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U.S. Coast Guard Series Service of the Sauk

April 19, 2017


Each month, an interesting aspect of the world’s oldest continuous maritime service will be highlighted. The men and women of the United States Coast Guard follow in the fine tradition of the brave mariners who have served before them. As sentinels and saviors of the seas, the United States Coast Guard proudly continues its commitment to honor, respect & devotion to duty to maintain their vigil - Semper Paratus.


‘Service of the Sauk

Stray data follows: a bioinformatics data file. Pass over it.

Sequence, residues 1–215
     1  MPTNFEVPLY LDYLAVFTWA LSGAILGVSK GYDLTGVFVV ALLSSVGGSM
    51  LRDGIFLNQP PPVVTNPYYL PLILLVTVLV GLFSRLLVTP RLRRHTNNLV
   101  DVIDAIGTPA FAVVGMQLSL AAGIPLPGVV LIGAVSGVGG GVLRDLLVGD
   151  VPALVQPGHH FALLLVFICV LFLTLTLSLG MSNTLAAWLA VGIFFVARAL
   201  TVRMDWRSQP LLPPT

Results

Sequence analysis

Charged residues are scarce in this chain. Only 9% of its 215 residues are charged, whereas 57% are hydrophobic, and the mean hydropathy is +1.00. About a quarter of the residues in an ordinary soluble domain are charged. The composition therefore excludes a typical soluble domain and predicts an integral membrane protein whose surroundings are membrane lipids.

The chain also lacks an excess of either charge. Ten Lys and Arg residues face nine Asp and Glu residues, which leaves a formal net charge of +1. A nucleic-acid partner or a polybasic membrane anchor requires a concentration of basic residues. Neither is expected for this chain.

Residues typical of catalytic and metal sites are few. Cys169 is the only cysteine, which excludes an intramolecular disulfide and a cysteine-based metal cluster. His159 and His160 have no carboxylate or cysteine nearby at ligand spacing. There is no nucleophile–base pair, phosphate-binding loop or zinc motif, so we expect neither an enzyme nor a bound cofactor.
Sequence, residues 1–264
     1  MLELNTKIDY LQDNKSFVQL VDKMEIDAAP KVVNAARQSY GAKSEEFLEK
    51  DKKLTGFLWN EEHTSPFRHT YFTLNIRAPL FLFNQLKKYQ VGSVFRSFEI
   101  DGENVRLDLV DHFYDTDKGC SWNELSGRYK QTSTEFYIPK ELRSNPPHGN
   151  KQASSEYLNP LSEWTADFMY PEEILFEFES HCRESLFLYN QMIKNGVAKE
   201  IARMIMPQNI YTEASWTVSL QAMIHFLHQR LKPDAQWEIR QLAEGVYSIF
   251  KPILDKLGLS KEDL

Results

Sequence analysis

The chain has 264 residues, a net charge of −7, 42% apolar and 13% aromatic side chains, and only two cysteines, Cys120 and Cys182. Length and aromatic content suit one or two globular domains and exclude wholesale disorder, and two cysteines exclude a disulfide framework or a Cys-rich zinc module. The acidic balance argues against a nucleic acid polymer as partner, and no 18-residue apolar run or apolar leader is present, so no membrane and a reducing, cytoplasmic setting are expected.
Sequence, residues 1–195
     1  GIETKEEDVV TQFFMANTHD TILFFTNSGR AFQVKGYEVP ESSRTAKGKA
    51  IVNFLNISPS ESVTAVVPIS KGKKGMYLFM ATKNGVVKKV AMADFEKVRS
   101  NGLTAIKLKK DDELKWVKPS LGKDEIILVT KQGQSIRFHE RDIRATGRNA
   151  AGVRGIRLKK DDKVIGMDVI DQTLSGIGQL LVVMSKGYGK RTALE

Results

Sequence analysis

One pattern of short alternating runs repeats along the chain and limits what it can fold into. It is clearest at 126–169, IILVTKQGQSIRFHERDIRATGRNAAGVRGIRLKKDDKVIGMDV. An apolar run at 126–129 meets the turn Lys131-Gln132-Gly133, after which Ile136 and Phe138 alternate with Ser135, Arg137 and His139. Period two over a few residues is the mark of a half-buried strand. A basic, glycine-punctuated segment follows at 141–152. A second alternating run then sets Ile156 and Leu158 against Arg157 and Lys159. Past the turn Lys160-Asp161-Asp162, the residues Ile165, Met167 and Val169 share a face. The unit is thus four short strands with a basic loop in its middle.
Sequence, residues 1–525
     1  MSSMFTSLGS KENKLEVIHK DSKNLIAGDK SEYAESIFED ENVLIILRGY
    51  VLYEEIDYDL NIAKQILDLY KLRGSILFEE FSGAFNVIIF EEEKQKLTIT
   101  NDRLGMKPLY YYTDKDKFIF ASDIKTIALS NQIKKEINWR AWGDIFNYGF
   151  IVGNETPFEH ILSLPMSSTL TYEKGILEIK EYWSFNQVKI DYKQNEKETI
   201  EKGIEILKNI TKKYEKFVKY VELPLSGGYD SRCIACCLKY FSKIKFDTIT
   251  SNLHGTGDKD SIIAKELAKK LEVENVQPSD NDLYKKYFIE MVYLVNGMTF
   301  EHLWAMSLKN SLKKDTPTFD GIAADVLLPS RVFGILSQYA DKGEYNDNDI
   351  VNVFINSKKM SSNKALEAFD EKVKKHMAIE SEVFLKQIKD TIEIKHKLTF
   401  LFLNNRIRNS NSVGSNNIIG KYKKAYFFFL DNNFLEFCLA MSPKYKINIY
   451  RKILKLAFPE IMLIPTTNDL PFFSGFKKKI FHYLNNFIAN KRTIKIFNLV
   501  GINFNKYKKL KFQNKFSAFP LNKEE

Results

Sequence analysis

The crowd applauded loudly in praise of the five men. All members of the Maritime Administration, they were being recognized for their efforts to help their fellow mariners who had found themselves in a bit of a predicament the previous New Year’s Eve. As the applause subsided for the mariners who were to be commended for their efforts at the ceremony held at the Maritime Administration Reserve Fleet of the Hudson River at Jones Point in the last week of April 1963, the speaker read from a letter from the Ship Safety Achievement Awards Committee of the National Safety Council and the American Merchant Marine Institute. As the crowd listened intently to the accolades, the five men recalled their actions to save the men of the United States Coast Guard cutter. While the event was of a celebratory nature, it certainly was not the highlight of the United States Coast Guard Cutter Sauk’s years of service to her nation.